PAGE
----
What are some common misconceptions about oil pulling?

Although oil pulling has many revolutionary effects on our oral health, it is important to be aware of the common misconceptions that surround this alluring revolution. For example, whilst oil pulling does initiate analogous results in the oral cavity when compared to mouthwash, this definitely does not mean that it is a substitute. As a result, we must keep in mind that we should not neglect normal oral hygiene practices such as bushing our teeth for two minutes twice a day, as well as flossing regularly- these two legitimate practices are heavily reinforced by dental professionals. Furthermore, another common fallacy about oil pulling is that it can whiten our teeth. Unfortunately, this is not true5. As a society, the idealised aesthetic appeal of our teeth should not compromise its health, therefore we should only use oil pulling to maintain our oral health, instead of using it to improve the appearance of our teeth. Moreover, some people believe that oil pulling draws toxins from the blood, however there is no evidence to support this.

These misunderstandings do not mean that we should eradicate the use of oil pulling, however, it certainly does reinforce the notion that oil pulling should not be used in solitude- this is because there is not enough extensive research to support the use of oil pulling as an individual oral hygiene practice.

Nevertheless, although it is clear that oil pulling is not yet parallel to the use of mouthwash, it could possibly be the golden ticket that paves the way towards the future of preventative dentistry. And perhaps, as lock down passes, oil pulling could be the new phenomenon you try out, whilst spending more time at home.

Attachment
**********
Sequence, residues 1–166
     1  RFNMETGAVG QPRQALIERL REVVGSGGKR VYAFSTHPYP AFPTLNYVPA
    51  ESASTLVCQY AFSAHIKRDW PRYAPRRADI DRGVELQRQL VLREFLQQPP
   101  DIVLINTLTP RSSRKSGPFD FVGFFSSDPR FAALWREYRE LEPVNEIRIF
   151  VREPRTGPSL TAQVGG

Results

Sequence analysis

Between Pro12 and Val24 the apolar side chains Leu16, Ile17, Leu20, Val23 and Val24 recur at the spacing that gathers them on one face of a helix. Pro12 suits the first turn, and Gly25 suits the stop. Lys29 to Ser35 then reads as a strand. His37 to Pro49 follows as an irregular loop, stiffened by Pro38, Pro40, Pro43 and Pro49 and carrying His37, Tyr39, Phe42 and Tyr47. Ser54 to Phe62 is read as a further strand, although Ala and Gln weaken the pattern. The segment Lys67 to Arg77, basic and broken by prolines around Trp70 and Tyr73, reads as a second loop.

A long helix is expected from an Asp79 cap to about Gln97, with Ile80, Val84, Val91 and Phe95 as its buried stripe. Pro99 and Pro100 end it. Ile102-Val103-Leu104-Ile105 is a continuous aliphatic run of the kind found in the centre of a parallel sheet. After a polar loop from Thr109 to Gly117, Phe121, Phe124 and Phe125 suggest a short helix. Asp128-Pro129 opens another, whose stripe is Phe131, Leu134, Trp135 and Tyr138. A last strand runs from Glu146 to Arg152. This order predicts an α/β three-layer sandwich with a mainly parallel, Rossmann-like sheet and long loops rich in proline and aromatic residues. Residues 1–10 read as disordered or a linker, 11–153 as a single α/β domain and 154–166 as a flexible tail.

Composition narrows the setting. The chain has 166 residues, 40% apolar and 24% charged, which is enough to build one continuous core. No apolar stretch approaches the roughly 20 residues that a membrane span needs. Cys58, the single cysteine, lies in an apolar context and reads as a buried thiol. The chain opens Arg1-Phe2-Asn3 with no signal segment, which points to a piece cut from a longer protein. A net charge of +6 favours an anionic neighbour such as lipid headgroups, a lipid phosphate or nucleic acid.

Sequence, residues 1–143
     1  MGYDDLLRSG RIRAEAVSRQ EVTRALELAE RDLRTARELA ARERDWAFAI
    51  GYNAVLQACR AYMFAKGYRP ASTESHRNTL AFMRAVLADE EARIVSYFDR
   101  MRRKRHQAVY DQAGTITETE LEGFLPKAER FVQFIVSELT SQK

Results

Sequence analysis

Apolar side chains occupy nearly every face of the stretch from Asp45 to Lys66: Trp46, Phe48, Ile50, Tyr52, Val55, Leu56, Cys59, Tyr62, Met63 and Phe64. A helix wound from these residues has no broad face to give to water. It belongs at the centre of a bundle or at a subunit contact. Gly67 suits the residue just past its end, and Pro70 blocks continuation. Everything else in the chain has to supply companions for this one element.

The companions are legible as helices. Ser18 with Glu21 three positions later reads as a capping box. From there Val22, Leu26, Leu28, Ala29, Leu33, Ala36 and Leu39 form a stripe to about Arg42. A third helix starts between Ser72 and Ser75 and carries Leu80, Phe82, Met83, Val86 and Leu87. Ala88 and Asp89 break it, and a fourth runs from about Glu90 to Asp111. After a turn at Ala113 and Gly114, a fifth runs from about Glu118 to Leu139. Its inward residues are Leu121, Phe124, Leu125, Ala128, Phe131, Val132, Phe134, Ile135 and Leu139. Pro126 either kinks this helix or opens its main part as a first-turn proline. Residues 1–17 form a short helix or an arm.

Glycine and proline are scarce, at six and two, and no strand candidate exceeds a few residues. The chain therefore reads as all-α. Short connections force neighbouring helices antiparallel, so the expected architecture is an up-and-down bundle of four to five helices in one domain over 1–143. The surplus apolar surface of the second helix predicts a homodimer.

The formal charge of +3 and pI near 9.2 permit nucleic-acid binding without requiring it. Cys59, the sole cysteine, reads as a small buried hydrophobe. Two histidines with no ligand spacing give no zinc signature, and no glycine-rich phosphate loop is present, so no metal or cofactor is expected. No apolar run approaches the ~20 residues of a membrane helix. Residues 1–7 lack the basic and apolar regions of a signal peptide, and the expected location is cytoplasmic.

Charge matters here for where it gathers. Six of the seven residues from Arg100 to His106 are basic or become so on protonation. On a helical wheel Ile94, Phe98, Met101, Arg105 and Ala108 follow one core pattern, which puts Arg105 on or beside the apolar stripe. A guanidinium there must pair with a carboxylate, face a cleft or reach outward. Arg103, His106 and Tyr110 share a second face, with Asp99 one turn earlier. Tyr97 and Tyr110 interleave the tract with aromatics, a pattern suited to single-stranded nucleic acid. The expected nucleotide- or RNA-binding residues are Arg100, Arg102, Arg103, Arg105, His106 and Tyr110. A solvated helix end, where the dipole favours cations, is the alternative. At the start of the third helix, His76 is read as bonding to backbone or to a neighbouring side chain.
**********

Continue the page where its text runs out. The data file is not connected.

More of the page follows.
References

  1. Alina Bradford “Oil Pulling: Benefits and Side Effects” (2015) [online] Available at: https://www.livescience.com/50896-oil-pulling-facts.html#:~:text=Oil%20pulling%20originated%20in%20India,3%2C000%20to%205%2C000%20years%20ago. [Accessed 10 July 2020]
  2. “The Truth About Oil Pulling” (2016) [online] Available at: https://www.123dentist.com/truth-oil-pulling/ [Accessed 10 July 2020]
  3. Sara Cheshire “Does Oil Pulling Work?” (2014) [online] Available at: https://edition.cnn.com/2014/08/06/health/oil-pulling/index.html [Accessed 10 July 2020]
  4. “Comparison of antibacterial efficacy of coconut oil and chlorhexidine on Streptococcus mutans: An : An in vivo study study.” (2016) [online] Available at: http://www.jispcd.org/text.asp?2016/6/5/447/192934[Accessed 10 July 2020]
  5. Kris Gunnars “Oil Pulling With Coconut Oil Can Transform Your Dental Health” (2018) [online] Available at: https://www.healthline.com/nutrition/oil-pulling-coconut-oil#section1 [Accessed 10 July 2020]
  6. J Indian Soc Pedod Prev Dent. Effect of Oil Pulling on Halitosis and Microorganisms Causing Halitosis: A Randomized Controlled Pilot Trial (2011) [online] Available at: https://pubmed.ncbi.nlm.nih.gov/21911944/ [Accessed 10 July 2020]